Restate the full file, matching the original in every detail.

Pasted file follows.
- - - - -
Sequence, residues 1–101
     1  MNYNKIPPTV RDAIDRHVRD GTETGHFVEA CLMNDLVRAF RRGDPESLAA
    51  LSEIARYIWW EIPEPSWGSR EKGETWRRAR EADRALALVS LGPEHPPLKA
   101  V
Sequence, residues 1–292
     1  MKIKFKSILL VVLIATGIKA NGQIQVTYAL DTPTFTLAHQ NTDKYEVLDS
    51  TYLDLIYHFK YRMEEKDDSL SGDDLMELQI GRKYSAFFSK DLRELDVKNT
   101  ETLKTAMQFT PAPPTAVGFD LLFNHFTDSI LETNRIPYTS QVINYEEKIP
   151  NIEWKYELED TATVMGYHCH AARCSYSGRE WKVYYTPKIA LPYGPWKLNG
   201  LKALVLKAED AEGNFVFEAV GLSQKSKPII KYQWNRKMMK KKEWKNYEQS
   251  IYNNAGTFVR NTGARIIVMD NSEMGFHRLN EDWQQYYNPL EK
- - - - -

Sequence, residues 1–101
     1  MNYNKIPPTV RDAIDRHVRD GTETGHFVEA CLMNDLVRAF RRGDPESLAA
    51  LSEIARYIWW EIPEPSWGSR EKGETWRRAR EADRALALVS LGPEHPPLKA
   101  V
Sequence, residues 1–292
     1  MKIKFKSILL VVLIATGIKA NGQIQVTYAL DTPTFTLAHQ NTDKYEVLDS
    51  TYLDLIYHFK YRMEEKDDSL SGDDLMELQI GRKYSAFFSK DLRELDVKNT
   101  ETLKTAMQFT PAPPTAVGFD LLFNHFTDSI LETNRIPYTS QVINYEEKIP
   151  NIEWKYELED TATVMGYHCH AARCSYSGRE WKVYYTPKIA LPYGPWKLNG
   201  LKALVLKAED AEGNFVFEAV GLSQKSKPII KYQWNRKMMK KKEWKNYEQS
   251  IYNNAGTFVR NTGARIIVMD NSEMGFHRLN EDWQQYYNPL EK